Cabrera’s career was basically left for dead after 2010, when he was literally the worst player in baseball (-1.0 fWAR) before being released by the Braves. Melky was never a great player for the Yankees but he wasn’t terrible, just a useful fourth outfielder that often played full-time. Getting cut by Atlanta seems to have been the wake-up call he needed to start taking his career seriously, as hitting coach Kevin Long indicated to Joel Sherman

“He’s a hell of a player,” said Long. “He has totally gotten committed to his career. He doesn’t drink. He doesn’t take anything for granted any more. His personal trainer is with him all the time. When you go all in and have talent, this is what happens — and it is evident he has the talent.

“If Melky committed himself to the Yankees as he does now, he would still be a Yankee,” added Long. “And he would say the same thing. He made himself tradeable then.”

Just do a simple Google Images search of “Melky Cabrera Braves” and compare it to “Melky Cabrera Giants” and the difference is obvious. Melky was fat in Atlanta, fatter than he ever was in New York. Maybe it had to do with the huge ($3.1M) arbitration award he received that winter; he just got a little too comfortable or something. I dunno, whatever. Now? He’s not fat. Not even close. He appears to have rededicated himself to baseball after being released and is going to be rewarded with a monster contract after this season.

The Yankees could sure use Melky right now given Brett Gardner‘s injury but so could every team in baseball. He’s been that good, a star-caliber hitter for over 1,000 plate appearances now. Had he not been traded to the Braves three offseasons ago, there’s a very real chance he would not have developed into the player he is today though. Getting traded away by the team that signed and developed you and then getting released is often the worst moment of a player’s career, but it appears to have been a blessing for the Melkman.

Bleich returns to action in GCL near no-hitter

Make sure you check out Pinstriped Prospects. The site just launched but they’ve got news, video, photos, and more for all levels of the farm system. Needless to say, it’s worth a bookmark.

Triple-A Empire State (11-6 loss to Louisville)
LF Chris Dickerson: 1-4, 1 R, 1 2B, 1 BB, 1 E (throwing) — threw a runner out at second … 11 doubles in 17 games this year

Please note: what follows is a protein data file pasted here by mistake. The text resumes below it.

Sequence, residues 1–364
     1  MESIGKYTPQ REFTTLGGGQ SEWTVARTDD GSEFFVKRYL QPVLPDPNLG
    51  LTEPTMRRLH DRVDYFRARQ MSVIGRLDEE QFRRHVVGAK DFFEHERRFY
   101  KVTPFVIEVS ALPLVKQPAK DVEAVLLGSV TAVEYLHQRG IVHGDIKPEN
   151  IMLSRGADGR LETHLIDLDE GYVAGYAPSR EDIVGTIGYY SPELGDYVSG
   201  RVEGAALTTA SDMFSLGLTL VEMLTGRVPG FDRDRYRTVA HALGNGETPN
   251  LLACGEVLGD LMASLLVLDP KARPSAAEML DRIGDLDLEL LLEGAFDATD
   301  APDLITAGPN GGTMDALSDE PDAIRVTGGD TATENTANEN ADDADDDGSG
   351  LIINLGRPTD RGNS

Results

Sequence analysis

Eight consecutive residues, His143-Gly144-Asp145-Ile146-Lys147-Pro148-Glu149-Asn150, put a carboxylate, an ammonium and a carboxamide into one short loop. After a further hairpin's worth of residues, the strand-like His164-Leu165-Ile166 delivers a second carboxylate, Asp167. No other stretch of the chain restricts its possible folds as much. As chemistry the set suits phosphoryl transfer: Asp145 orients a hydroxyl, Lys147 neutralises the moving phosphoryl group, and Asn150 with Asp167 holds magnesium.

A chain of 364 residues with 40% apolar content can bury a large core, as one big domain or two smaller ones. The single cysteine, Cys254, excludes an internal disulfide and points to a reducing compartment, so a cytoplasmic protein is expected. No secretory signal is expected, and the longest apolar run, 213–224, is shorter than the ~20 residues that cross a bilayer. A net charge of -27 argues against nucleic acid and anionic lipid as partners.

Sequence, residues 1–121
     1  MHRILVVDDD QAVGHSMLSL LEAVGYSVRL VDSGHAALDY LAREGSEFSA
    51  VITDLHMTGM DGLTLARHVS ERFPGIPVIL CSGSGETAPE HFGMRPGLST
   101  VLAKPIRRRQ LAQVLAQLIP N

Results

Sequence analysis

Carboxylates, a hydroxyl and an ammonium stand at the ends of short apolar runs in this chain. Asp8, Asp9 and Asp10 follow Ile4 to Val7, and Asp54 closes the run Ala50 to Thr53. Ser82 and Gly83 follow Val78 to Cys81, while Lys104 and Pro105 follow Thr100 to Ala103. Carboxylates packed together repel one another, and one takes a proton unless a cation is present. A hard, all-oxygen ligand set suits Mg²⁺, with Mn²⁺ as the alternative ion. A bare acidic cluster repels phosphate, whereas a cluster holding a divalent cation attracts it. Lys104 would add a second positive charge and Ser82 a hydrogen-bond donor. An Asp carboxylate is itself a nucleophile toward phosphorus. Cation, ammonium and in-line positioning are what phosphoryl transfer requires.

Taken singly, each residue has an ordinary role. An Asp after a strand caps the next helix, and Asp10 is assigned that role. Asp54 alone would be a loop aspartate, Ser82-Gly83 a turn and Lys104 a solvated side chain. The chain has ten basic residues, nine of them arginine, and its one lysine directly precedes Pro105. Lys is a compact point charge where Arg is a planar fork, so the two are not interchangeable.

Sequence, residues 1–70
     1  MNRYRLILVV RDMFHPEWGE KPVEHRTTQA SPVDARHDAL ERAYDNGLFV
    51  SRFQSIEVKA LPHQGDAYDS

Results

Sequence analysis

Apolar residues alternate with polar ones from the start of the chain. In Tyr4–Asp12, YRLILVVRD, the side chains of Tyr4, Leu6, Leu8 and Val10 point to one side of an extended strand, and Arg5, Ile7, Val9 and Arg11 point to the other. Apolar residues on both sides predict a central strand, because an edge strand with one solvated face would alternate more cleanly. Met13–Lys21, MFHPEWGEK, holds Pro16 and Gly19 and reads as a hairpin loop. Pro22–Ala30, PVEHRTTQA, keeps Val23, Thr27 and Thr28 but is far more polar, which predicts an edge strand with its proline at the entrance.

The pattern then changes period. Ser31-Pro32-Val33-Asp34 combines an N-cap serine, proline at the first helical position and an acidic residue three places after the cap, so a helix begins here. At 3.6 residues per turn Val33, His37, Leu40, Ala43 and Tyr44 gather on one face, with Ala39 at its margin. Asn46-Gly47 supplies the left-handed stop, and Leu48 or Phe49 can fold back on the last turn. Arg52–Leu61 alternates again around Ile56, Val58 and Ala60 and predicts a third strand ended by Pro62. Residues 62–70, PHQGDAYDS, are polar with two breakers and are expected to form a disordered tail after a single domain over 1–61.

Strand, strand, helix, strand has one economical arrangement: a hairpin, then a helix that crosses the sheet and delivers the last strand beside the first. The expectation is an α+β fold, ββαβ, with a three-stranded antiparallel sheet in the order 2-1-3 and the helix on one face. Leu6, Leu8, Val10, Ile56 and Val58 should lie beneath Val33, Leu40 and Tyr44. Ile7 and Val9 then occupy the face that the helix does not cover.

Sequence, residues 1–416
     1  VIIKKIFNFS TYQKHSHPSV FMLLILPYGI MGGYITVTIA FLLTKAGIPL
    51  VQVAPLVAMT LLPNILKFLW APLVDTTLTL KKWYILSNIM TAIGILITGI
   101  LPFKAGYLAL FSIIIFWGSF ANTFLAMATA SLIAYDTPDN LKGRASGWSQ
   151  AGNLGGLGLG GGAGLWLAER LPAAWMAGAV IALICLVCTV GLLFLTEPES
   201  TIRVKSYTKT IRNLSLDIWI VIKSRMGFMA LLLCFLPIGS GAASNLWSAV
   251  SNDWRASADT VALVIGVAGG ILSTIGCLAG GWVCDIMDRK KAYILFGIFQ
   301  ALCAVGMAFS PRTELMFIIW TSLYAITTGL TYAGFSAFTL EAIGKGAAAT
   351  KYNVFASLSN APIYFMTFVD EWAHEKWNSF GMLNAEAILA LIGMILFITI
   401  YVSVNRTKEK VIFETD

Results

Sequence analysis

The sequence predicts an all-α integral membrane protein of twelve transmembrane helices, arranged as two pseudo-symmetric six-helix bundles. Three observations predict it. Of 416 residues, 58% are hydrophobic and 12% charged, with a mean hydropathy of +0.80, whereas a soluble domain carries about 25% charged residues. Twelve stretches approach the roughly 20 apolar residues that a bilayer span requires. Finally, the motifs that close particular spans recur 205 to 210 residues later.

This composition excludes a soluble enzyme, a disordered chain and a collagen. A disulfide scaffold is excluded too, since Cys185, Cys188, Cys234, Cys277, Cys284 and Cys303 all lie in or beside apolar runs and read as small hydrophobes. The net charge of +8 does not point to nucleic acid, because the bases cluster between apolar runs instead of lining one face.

2B Corban Joseph: 1-3, 2 R, 1 2B, 1 RBI, 2 BB
C Frankie Cervelli: 2-5, 2 R
DH Jack Cust: 1-5, 1 R, 1 2B
1B Russell Branyan: 1-4, 1 RBI, 1 BB, 3 K — 17/20 K/BB in 22 games this year
RF Kevin Russo: 3-4, 3 RBI, 1 BB
3B Brandon Laird: 0-5
CF Colin Curtis: 0-2, 2 BB, 1 K
SS Ramiro Pena: 0-4, 2 K
RHP D.J. Mitchell: 2 IP, 7 H, 6 R, 6 ER, 3 BB, 2 K, 1 Balk, 3/1 GB/FB — only 31 of 63 pitches were strikes (49.2%) … good gravy man, they’re not going to call you back up when you’re pitching like this
LHP Mike O’Connor: 3 IP, 4 H, 2 R, 2 ER, 1 BB, 3 K, 1/3 GB/FB — 32 of 51 pitches were strikes (62.7%)
RHP Manny Delcarmen: 1 IP, 3 H, 3 R, 3 ER, 1 BB, 1 K, 1/1 GB/FB — 17 of 29 pitches were strikes (58.6%)
RHP Jason Bulger: 2 IP, 0 H, 0 R, 0 ER, 3 BB, 1 K, 2/2 GB/FB — 25 of 42 pitches were strikes (59.5%)

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Thursday Night Open Thread

(Al Bello/Getty Images)

The city is brutal when the temperature starts to flirt with triple-digits. The crowded subway platforms are just gross, the streets are filled with that lovely hot garbage stench, and ConEd is cutting back on the voltage so even if you wanted to blast the air conditioner, you can’t. It’s rough, but thankfully it’s supposed to cool off a bit tomorrow and into the weekend. The Yankees got lucky having today off, this heat can be a killer.

Anyway, here is your open thread for this evening. Game Five of the NBA Finals is on tonight (9pm ET on ABC), plus MLB Network is showing the Red Sox and Marlins at 7pm ET (Zambrano vs. Dice-K). You folks know what do here, so have at it.